The above preview is unformatted text

This student written piece of work is one of many that can be found in our GCSE Taming of the Shrew section.

Found what you're looking for?

  • Start learning 29% faster today
  • 150,000+ documents available
  • Just £6.99 a month

Not the one? Search for your essay title...
  • Join over 1.2 million students every month
  • Accelerate your learning by 29%
  • Unlimited access from just £6.99 per month

See related essaysSee related essays

Related GCSE Taming of the Shrew essays

  1. An analysis of the relationship between Petruchio and Katherina throughout the play 'The Taming ...

    In a last desperate act before Baptista , Tranio and Gremio return, he loses his charming image and appears as very forward and aggressive towards Katherina. This emphasizes his short temper and antagonistic nature. P: Thus in plain terms: your father hath consented That you shall be my wife; your

  2. Explore Shakespeare's presentation of Katherina and Petruchio's wedding and the preparations for it. ...

    whatever he wants, a renaissance man who represents new 16th century values and the abandonment of tradition. In the marriage scene, Petruchio makes it obvious that even though he has taken Katherina's hand in marriage, he has yet to tame her but his intent is obvious in that, after they are married he will!

  1. Taming of the Shrew Coursework I am directing the scene where big changes take ...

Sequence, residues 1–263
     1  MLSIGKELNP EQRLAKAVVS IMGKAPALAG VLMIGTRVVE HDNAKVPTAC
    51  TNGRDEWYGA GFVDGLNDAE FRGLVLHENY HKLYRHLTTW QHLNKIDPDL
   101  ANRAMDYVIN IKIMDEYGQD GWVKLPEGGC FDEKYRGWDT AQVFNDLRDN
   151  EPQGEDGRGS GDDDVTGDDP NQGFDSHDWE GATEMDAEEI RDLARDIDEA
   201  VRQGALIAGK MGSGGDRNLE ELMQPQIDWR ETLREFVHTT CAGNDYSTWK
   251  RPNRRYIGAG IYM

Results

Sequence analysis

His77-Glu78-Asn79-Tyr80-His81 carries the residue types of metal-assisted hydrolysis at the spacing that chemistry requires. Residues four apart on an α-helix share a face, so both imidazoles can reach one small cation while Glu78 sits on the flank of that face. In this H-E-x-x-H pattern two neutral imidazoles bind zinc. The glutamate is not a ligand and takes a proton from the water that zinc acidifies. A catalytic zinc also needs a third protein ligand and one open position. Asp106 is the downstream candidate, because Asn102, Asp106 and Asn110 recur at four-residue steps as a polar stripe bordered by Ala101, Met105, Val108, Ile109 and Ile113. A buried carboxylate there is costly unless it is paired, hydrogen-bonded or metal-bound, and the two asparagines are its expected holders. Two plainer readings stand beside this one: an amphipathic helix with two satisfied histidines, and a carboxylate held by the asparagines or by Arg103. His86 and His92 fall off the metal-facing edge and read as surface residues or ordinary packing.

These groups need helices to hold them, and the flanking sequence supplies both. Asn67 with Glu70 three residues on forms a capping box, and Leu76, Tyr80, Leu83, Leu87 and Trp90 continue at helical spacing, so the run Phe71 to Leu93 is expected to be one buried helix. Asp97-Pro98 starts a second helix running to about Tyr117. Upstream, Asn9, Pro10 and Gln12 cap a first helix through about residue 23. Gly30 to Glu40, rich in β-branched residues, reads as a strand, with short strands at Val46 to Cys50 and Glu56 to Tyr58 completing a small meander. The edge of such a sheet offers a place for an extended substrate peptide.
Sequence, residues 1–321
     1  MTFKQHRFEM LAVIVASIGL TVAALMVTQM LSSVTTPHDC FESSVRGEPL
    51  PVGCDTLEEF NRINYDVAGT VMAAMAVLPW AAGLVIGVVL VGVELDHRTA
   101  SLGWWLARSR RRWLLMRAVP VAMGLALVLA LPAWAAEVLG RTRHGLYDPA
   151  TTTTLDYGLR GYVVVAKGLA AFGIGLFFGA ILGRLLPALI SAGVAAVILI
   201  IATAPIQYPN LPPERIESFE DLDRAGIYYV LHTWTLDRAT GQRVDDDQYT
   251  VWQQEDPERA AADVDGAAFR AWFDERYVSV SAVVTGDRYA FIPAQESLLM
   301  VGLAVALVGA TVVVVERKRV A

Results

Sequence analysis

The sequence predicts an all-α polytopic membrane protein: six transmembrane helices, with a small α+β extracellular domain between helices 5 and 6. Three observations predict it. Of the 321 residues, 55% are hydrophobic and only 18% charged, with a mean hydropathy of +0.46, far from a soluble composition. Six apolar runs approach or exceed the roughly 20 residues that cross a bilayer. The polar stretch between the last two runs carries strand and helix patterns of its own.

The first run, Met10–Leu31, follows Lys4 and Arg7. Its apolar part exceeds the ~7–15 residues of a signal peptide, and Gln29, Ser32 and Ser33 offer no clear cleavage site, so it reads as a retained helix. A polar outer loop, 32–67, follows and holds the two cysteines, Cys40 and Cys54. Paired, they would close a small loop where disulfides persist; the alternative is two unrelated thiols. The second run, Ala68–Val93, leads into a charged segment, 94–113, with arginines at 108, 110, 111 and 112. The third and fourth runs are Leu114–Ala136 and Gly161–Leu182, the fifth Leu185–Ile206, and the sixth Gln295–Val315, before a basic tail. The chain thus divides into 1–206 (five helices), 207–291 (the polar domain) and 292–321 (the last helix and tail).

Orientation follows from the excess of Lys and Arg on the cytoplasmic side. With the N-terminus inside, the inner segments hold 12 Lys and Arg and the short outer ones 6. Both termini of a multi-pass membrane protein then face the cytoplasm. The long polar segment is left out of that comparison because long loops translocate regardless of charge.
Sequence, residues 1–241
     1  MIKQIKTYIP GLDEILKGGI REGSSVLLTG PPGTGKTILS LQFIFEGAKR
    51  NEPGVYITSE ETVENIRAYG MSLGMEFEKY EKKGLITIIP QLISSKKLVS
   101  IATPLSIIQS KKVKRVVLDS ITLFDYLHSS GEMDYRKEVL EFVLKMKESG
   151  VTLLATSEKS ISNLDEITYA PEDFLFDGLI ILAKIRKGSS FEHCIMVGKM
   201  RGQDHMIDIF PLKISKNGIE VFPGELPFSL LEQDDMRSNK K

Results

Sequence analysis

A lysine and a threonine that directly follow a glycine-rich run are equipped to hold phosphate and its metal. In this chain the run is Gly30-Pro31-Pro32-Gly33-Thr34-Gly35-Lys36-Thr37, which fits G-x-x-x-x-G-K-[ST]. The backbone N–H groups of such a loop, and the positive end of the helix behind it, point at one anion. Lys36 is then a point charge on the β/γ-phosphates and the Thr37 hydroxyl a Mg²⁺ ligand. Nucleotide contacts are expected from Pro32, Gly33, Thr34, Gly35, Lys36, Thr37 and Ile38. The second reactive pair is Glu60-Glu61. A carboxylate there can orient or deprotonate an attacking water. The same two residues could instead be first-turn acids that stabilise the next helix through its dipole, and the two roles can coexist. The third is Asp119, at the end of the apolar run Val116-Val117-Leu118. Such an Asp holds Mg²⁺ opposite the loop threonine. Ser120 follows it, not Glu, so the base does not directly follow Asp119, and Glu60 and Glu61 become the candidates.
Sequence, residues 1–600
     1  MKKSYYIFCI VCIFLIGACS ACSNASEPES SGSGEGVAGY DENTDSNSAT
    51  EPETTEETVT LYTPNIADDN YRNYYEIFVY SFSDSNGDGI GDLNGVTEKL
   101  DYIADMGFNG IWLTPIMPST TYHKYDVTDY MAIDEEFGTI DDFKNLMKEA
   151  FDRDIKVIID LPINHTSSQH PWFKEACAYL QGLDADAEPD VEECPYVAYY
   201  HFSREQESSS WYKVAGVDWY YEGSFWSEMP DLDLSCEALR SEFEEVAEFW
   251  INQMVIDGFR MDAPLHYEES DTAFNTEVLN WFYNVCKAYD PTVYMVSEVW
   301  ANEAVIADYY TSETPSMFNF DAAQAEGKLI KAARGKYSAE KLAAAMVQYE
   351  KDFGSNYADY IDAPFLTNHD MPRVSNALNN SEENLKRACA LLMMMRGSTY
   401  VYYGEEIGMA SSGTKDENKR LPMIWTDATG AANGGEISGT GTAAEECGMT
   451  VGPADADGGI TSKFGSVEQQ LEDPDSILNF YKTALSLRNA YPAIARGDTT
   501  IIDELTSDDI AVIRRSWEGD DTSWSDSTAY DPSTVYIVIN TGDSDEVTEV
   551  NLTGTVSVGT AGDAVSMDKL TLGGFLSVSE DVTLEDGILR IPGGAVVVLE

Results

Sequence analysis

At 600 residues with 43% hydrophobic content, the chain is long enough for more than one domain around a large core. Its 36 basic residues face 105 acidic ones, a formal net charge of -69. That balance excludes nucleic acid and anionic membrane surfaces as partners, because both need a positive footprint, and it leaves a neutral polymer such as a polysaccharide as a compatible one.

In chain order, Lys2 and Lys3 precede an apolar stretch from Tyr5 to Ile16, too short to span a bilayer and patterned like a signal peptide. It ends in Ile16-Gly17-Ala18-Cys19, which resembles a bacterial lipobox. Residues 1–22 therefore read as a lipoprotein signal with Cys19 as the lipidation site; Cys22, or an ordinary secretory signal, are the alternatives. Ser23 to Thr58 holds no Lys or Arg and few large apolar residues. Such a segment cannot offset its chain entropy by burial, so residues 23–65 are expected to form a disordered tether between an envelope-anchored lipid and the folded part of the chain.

'I know it is the moon' approves Katherina. The word 'know' should be stressed to prove she is finally showing she is wrong and he is right. Petruchio changes the plot, 'nay then you lie, it is the blessed sun', making her look like the blind one. The audience may find her easygoing broad-mindedness useless because both ways they haven't come to a settlement yet.

  2. How does Katherina in 'The Taming Of The Shrew' change and develop as the ...

    She is also, most likely, quite shocked to have some male attention for once, despite the fact she is being her usual self and insulting him, which usually the men are frightened of and end up disliking her. Baptista and others then return.

  1. How Does Shakespeare Establish the Character of Katherina?

    This is partly a reaction to Baptista's advertisement. The fact that she is 'too rough' and is being compared to a common whore is a terrible insult to Katherina, the daughter of a rich gentleman but Shakespeare is making it quite clear this girl is the refined, feminine, attractive daughter that Bianca is.

  2. Evaluate the different Interpretations of the Taming of Katherina.

    This suggests to us that Katherina is merely under complete control of Petruchio, and that Petruchio can be admired by the audience at this point in the play. This certainly is a marked contrast in Katherina's behaviour, earlier in the play she was striking Hortensio with a lute, now she seems very passive, also suggesting that the taming was successful.

  1. Examine the ways in which Shakespeare presents issues of marriage and relationships, with particular ...

    This may have had an influence on the way that he wrote some of his plays, for instance, "The Taming of the Shrew". In "The Taming of the Shrew" it is quite obvious that love is seen as in no way important when people are to be married.

  2. To What Extent is Katherina Tamed by the End of the Play?

    displayed in Act 2 scene 1 when she breaks the lute over Hortensio's head and later strikes Petruchio during their exchange of banter. She also ties up her sister right at the start of the scene and proceeds to mercilessly interrogate her.

  • Over 160,000 pieces
    of student written work
  • Annotated by
    experienced teachers
  • Ideas and feedback to
    improve your own work